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Featured Is Citroen’s withdrawal a sign of things to come?

Discussion in 'Motorsports' started by Paul Jeffrey, Nov 19, 2015.

  1. Paul Jeffrey

    Paul Jeffrey
    Sim Racing News Editor Staff Member Premium Member

    With the news that French powerhouse Citroen are to reduce its manufacturer presence next season prior to a complete withdrawal at the end of the year, is the writing on the wall for the once class leading World Touring Car Championship?

    Touring car racing has always been a funny thing, in past years one series had always risen to the top and had its pick of the best drivers and teams, often at the cost of other championships the world over. Back in the 1990’s we had Super Touring Car regulations pioneered by the British Touring Car Championship and adopted across the globe in various National iterations. Many considering this the heyday of touring car racing with big budget manufacturers running highly paid professional drivers fighting for spoils across Europe in a selection of fiercely competitive national championships. With standalone 'World Cup' invitation events held at seasons end containing each series best cars and drivers, this 'golden age' of racing attracted huge crowds and TV viewing figures throughout the world.


    Following the demise of those regulations came a dark few years with many series either falling by the wayside or beginning the slow process of rebuilding under new and revised regulations created in isolation by the local governing bodies of that particular Motorsport Association.

    The mid 2000’s brought somewhat of a renaissance for the world of tin top’s with the introduction of Super 2000 regulations being run by firstly the European Touring Car Championship and continued with the birth of the newly reformed World Touring Car Championship, becoming the de rigour for top level championships all across Europe and Asia. These accessible and impressive machines once again prompted a return of serious works teams and drivers and led to another growth spurt for touring cars the world over. With many great drivers in series as diverse as the Scandinavian Touring Car Championship, BTCC and World Touring Car Championship fighting for honours in cars with shared regulations across differing series (thus lowering costs for teams who wish to enter championships with ex works vehicles purchased from manufacturers) touring car racing was once again at the forefront of the motorsports scene.

    wtcc 08.jpg

    Unfortunately the economic crash of 2008 hit many teams and championships hard, causing manufactures to look closely at how they spent their money and many found going racing every other weekend was not a cost effect form of advertising. With mass withdrawals and increasing costs becoming prohibitive for private Independent teams to pick up the mantle, once again touring car racing had to take a long hard look at their regulations for the coming years.

    During those years of boom and bust, one lesson that is overriding clear to anyone who cares to look is that a successful touring car formula works best when the regulations are adopted across different national series. One where cars are eligible to race in multiple championships and a thriving second hand market exists, allowing independent teams an opportunity to run modern, competitive machinery without the need to align themselves with a works team or spend many hundreds of thousands of dollars developing their own bespoke vehicle that is limited to its own series and will eventually become redundant as development enhances.
    This brings us to the last wholesale regulation changes implemented by the FIA back at the start of the 2014 WTCC season. With an eye on becoming more relevant to road car technology and supposedly ‘improving the visual aspects of a touring car racing’ the FIA introduced TC1 regulations.


    The TC1 cars were still built to Super 2000 regulations, but with significant changes compared to the 2011 generation of cars. The minimum weight of the cars was reduced from 1,150 kilograms (2,540 pounds) to 1,100 kilograms (2,400 pounds), and was accompanied by an increase in the power output of the engine, which rose to 380 bhp, an increase of between 50 and 60 bhp depending on the engine being used. The size of the wheels being used increased to 18", with MacPherson strut suspension being introduced to all cars. The dimensions of the cars changed, with a maximum width of 1,950 mm (77 in), and a 100 mm (3.9 in) front splitter. Changes to the aerodynamic package allowed teams to use flat floors, and introduce single-plane rear wings that were allowed, but to be no higher than the roof of the car.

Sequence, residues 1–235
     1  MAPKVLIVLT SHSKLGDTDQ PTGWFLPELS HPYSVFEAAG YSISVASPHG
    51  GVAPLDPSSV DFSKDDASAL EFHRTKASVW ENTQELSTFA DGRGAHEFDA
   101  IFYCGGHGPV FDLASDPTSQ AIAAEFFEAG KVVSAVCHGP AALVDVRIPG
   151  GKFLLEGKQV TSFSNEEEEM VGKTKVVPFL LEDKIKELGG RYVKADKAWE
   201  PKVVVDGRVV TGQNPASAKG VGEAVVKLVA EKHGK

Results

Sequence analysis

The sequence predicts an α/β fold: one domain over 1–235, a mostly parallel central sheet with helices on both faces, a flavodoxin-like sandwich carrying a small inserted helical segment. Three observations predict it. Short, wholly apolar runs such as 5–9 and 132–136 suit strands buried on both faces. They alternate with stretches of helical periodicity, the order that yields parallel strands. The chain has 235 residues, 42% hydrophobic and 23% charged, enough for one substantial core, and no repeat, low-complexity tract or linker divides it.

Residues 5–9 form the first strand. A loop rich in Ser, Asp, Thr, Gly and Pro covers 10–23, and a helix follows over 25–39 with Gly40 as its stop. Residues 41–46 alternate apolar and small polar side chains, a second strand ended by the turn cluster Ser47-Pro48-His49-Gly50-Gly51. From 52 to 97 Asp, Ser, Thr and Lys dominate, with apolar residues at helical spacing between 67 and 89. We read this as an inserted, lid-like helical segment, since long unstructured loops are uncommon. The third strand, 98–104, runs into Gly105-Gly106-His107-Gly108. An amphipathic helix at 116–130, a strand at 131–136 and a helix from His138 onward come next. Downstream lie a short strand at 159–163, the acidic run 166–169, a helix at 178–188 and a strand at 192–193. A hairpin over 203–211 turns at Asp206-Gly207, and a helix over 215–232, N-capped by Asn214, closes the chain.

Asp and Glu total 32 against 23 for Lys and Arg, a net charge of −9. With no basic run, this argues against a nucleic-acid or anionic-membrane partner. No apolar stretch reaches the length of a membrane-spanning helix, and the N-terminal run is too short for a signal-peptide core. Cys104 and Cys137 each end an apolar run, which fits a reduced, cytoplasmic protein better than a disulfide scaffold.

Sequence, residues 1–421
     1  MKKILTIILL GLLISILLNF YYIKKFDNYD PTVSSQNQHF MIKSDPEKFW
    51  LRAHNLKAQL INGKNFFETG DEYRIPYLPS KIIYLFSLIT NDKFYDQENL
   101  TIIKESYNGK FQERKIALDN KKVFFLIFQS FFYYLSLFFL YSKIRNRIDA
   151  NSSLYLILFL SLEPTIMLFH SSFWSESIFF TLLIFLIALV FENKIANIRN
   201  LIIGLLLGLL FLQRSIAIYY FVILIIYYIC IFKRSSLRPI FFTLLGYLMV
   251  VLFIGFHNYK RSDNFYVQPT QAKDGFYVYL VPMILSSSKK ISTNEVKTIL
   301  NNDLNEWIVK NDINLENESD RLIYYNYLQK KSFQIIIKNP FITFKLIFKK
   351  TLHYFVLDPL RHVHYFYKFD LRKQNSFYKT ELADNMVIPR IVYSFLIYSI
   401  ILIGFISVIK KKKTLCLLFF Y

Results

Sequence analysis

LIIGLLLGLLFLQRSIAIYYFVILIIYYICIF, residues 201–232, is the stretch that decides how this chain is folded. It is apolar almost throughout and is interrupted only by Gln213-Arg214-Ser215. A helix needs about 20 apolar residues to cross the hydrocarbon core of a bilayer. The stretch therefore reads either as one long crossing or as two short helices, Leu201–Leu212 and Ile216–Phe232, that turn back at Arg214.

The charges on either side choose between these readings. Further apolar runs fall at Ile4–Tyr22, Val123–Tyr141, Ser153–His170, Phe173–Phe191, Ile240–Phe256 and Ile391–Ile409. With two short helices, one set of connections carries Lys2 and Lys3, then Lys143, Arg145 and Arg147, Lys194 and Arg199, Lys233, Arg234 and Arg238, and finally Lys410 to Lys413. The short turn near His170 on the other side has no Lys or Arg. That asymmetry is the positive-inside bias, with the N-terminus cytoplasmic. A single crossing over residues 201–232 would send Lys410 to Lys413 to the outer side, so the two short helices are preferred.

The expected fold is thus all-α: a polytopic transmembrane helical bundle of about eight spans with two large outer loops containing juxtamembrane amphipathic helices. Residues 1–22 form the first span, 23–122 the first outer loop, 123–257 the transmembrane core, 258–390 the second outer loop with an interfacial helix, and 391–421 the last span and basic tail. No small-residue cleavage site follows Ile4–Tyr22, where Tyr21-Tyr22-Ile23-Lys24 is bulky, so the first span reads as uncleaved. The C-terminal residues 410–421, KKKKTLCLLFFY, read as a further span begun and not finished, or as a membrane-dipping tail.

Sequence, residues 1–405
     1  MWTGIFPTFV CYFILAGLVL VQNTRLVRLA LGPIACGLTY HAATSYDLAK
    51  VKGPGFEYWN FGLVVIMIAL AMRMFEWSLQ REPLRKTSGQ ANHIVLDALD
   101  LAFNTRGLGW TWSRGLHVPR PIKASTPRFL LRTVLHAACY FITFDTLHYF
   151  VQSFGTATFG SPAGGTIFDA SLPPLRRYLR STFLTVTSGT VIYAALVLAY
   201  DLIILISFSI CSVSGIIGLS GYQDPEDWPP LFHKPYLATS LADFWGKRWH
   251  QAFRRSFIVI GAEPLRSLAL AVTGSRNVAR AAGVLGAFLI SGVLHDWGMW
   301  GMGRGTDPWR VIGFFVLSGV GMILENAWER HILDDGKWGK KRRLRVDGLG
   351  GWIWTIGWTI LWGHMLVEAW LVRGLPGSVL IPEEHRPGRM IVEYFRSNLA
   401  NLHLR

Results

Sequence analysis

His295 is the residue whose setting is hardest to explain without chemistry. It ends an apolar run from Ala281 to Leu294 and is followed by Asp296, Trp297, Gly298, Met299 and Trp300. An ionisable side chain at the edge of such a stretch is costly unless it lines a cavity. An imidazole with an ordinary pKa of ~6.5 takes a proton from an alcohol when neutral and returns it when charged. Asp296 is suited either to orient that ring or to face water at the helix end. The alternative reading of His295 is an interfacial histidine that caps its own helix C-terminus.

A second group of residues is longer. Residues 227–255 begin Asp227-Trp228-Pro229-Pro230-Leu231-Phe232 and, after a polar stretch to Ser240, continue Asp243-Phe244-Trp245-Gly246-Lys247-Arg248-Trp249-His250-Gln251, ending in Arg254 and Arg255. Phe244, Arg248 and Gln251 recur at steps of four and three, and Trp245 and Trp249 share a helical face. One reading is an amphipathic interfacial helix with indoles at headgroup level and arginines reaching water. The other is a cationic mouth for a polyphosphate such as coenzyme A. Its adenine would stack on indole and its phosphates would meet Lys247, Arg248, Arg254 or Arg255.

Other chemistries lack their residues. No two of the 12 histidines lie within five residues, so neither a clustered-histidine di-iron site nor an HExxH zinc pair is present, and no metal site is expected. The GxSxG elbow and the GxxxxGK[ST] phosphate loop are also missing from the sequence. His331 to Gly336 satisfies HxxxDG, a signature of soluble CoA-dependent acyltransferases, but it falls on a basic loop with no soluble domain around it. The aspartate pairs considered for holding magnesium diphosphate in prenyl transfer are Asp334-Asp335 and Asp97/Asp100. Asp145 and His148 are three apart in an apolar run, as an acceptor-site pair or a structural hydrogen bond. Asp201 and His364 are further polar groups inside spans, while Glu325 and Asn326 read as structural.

With the regulations being used only for the WTCC (and arguable if these changes actually improved the on track spectacle) once again the ‘premier’ touring car series was left to forge its own patch amongst the many different touring car formats available around the world (BTCC now use NGTC regulations, DTM have their own in conjunction with the Japanese Super GT series and several less established series use variations of S2000 rules). Initially proving attractive to manufactures such as Citroen and Lada, the new rules pushed out many established independent teams who baulked at costs associated with the new machinery and limited opportunity to use their new acquisitions outside of the WTCC. This led to many teams and cars leaving the series and a paltry 17 vehicles lined up on the starting grid for the first round of the championship on the streets of Morocco, 3 cars of which ran to the older specification TC2 regulations.

    Around this time Marcello Lotti, General Manager of the WTCC left the series to form his own breakaway championship, aimed at delivering low cost rules and regulations that can be adopted across many different series and formats throughout the world. This new TCR concept continues to grow from strength to strength with a stella line-up of 30 cars registered for the season ending Macau Grand Prix this coming weekend. Several national championship are already adopting the regulations after only a single season of competition including the newly re launched Asia Touring Car Championship that runs alongside Formula One Grand Prix when the F1 circus visits the far east.


    With Lotti's new series(s) adopting the tried and tested format of cross series regulation sharing and low cost manufacturing and running, the writing could well be firmly on the wall for the WTCC as we know it.

    Although not all bad news with a recent revelation that Volvo are due to return to the grid in 2016, the FIA World Touring Car Championship really does need to take a long hard look at itself if it wants to survive and prosper in the crowded motorsports scene. With Citroen's exit at the end of 2016 leaving top class drivers Yvan Muller and Jose Maria Lopez without a seat to ply their trade, it will be interesting indeed to see if two of touring cars top stars keep the faith with the WTCC or move over to try their hand in the TCR International Series.

    Whatever way one looks at it, these next few years could well determine the Touring Car landscape for years to come.